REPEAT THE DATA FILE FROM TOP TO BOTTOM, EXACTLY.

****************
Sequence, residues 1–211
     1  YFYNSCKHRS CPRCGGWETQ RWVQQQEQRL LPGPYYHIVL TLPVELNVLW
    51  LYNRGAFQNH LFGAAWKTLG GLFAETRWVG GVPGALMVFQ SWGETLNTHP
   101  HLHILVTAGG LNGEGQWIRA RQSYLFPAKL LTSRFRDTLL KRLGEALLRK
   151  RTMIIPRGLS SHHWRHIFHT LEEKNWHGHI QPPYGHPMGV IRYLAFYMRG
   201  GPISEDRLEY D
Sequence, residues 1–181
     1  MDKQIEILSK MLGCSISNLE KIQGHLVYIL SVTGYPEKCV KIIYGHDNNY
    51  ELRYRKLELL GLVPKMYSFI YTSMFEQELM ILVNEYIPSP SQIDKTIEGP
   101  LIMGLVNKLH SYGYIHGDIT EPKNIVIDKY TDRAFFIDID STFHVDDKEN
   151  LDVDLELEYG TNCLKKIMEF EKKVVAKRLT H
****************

Sequence, residues 1–211
     1  YFYNSCKHRS CPRCGGWETQ RWVQQQEQRL LPGPYYHIVL TLPVELNVLW
    51  LYNRGAFQNH LFGAAWKTLG GLFAETRWVG GVPGALMVFQ SWGETLNTHP
   101  HLHILVTAGG LNGEGQWIRA RQSYLFPAKL LTSRFRDTLL KRLGEALLRK
   151  RTMIIPRGLS SHHWRHIFHT LEEKNWHGHI QPPYGHPMGV IRYLAFYMRG
   201  GPISEDRLEY D
Sequence, residues 1–181
     1  MDKQIEILSK MLGCSISNLE KIQGHLVYIL SVTGYPEKCV KIIYGHDNNY
    51  ELRYRKLELL GLVPKMYSFI YTSMFEQELM ILVNEYIPSP SQIDKTIEGP
   101  LIMGLVNKLH SYGYIHGDIT EPKNIVIDKY TDRAFFIDID STFHVDDKEN
   151  LDVDLELEYG TNCLKKIMEF EKKVVAKRLT H